When I joined Unity in 2010, we were well under 100 people. I don’t just mean in the Copenhagen office. I mean total. I can’t remember; I think I was employee number 60-something, or maybe it was 70-something. Unity 2.7 was the current version. There was no Linux version. Almost all of R&D sat in a couple of European timezones. We had a single, company-wide mailing list that we used
A couple of weeks ago at Unite Boston, I had the pleasure of giving a talk entitled How We Make Unity: A Look into How Development in Unity’s R&D Organization Works. If you missed it and would like to view the slides, they’re available online over here. Unity’s development mainline is managed with a gatekeeper workflow. A gatekeeper workflow means that developers do not push their own changes to the development mainline,
At Unite Europe this year, we at Unity released our public roadmap. And while it’s super cool to be able to share all of the amazing stuff we’re doing at Unity, one thing that is close to my heart is the Linux Editor. The story behind Linux port of the Unity Editor is a lot like the story behind Linux runtime support, which was released in Unity 4.0. It’s basically a “Labor of
DISCLAIMER: This blog post is now several years old and it should not be used as a source of current advice. The landscape of version control, and DVCS in particular, has changed a lot in recent years. Not too long ago, @CorporateShark asked for a blog post about Unity’s experience using Mercurial for version control. This is that blog post. NOTE: Throughout this post, I use several terms that assume knowledge of DVCS in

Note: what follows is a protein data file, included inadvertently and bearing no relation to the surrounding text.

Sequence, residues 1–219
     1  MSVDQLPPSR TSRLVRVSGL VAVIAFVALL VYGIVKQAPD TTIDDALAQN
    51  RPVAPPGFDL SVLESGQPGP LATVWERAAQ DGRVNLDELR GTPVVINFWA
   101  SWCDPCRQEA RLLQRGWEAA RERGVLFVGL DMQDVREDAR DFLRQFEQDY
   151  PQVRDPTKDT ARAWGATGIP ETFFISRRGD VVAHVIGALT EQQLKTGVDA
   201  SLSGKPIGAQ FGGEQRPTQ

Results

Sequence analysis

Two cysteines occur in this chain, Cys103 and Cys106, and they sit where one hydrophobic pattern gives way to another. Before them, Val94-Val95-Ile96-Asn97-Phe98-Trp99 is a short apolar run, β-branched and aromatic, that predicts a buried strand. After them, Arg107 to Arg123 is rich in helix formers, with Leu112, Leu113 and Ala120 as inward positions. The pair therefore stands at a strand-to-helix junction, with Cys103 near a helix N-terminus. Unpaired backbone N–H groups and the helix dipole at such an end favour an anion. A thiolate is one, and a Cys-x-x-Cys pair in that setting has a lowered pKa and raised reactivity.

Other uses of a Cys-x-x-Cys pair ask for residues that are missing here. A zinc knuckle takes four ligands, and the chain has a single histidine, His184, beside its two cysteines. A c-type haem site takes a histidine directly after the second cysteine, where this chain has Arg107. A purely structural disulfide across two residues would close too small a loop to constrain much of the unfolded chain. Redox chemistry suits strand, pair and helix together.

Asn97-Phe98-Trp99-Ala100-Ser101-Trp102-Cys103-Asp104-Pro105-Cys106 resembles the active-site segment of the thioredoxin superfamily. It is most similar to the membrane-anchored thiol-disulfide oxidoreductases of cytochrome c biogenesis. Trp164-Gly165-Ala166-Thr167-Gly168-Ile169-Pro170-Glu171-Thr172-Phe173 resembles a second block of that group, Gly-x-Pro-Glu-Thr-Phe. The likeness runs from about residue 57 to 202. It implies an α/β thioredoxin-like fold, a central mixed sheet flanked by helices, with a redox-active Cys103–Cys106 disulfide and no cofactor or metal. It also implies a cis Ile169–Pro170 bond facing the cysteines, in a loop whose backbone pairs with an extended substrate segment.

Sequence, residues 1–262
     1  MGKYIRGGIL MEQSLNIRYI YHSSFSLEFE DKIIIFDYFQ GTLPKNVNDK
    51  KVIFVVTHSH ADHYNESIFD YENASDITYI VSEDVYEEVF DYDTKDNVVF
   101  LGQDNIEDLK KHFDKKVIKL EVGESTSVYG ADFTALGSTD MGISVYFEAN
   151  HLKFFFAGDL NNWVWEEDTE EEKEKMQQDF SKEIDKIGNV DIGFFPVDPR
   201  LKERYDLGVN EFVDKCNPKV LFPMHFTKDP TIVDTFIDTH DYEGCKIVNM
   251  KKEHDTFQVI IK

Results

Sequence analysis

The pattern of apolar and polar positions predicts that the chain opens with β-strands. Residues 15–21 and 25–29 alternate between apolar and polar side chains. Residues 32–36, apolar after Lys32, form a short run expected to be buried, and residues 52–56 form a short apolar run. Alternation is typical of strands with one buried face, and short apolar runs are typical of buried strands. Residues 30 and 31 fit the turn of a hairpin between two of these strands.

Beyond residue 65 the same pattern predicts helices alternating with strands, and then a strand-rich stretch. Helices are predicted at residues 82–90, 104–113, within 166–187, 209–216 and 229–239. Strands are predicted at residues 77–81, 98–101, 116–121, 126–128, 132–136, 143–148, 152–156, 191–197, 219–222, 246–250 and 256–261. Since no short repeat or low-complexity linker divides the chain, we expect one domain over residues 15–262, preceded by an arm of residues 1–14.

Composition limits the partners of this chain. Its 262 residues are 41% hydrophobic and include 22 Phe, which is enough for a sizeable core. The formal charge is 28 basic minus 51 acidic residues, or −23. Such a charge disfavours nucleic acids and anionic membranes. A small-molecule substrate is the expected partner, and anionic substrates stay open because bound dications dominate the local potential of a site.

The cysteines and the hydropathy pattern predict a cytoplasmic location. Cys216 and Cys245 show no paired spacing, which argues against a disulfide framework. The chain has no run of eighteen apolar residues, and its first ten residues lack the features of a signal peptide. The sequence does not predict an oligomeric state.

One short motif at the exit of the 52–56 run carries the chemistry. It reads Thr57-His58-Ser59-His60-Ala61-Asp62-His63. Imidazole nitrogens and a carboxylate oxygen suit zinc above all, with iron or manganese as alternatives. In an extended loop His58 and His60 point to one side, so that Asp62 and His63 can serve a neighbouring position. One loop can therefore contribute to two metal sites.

Most people reading this know that I lead the Build & Release Engineering team at Unity Technologies. On Unity’s company blog, I’ve posted about our in-house build automation / CI solution, Katana. I wanted to write more about this project, and go over a few key elements as to why I believe it has turned into a successful project for Unity. First of all, if you haven’t read the blog post I wrote
I wrote a blog post on our company blog about how we used Buildbot, and open-source CI framework, to build Katana, our internal continuous integration / build automation system.
I gave a talk this May at our Unite Developer Conference in Malmö, Sweden, about gaming on Linux and exporting for Linux from Unity 4.
I spent last week in San Francisco at GDC 2013. While I was there, I spent most of my time working in the Unity booth, answering questions about Unity (I was happy to see that Linux support is a hot topic this year). I did, however, do a brief interview with Nixie Pixel about Linux support in Unity.
Rochard is now on Steam for Linux. If you’re a Linux user and you missed Rochard in the Humble Indie Bundle 6, log on to steam and buy this game. Now. I’m serious. Go do it. On a side note, I’m so happy to have been part of bringing this awesome game to Linux because of my work at Unity. The developers of the game are awesome, and I wish them